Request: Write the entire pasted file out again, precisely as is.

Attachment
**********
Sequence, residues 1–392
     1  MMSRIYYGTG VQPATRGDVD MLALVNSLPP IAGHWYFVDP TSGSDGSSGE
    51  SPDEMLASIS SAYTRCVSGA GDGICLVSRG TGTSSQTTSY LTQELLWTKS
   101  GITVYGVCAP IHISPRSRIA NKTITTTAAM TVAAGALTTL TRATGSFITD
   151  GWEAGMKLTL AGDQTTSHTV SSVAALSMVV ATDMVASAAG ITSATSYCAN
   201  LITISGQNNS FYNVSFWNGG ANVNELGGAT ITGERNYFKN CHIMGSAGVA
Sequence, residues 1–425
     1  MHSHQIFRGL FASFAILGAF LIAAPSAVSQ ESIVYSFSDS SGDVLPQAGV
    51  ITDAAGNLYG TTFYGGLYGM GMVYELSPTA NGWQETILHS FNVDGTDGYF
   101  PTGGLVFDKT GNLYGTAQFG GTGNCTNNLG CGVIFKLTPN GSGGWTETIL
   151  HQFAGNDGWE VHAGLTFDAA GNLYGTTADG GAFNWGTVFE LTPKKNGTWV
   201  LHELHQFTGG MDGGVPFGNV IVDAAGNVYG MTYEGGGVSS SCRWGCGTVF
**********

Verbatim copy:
Sequence, residues 1–392
     1  MMSRIYYGTG VQPATRGDVD MLALVNSLPP IAGHWYFVDP TSGSDGSSGE
    51  SPDEMLASIS SAYTRCVSGA GDGICLVSRG TGTSSQTTSY LTQELLWTKS
   101  GITVYGVCAP IHISPRSRIA NKTITTTAAM TVAAGALTTL TRATGSFITD
   151  GWEAGMKLTL AGDQTTSHTV SSVAALSMVV ATDMVASAAG ITSATSYCAN
   201  LITISGQNNS FYNVSFWNGG ANVNELGGAT ITGERNYFKN CHIMGSAGVA
Sequence, residues 1–425
     1  MHSHQIFRGL FASFAILGAF LIAAPSAVSQ ESIVYSFSDS SGDVLPQAGV
    51  ITDAAGNLYG TTFYGGLYGM GMVYELSPTA NGWQETILHS FNVDGTDGYF
   101  PTGGLVFDKT GNLYGTAQFG GTGNCTNNLG CGVIFKLTPN GSGGWTETIL
   151  HQFAGNDGWE VHAGLTFDAA GNLYGTTADG GAFNWGTVFE LTPKKNGTWV
   201  LHELHQFTGG MDGGVPFGNV IVDAAGNVYG MTYEGGGVSS SCRWGCGTVF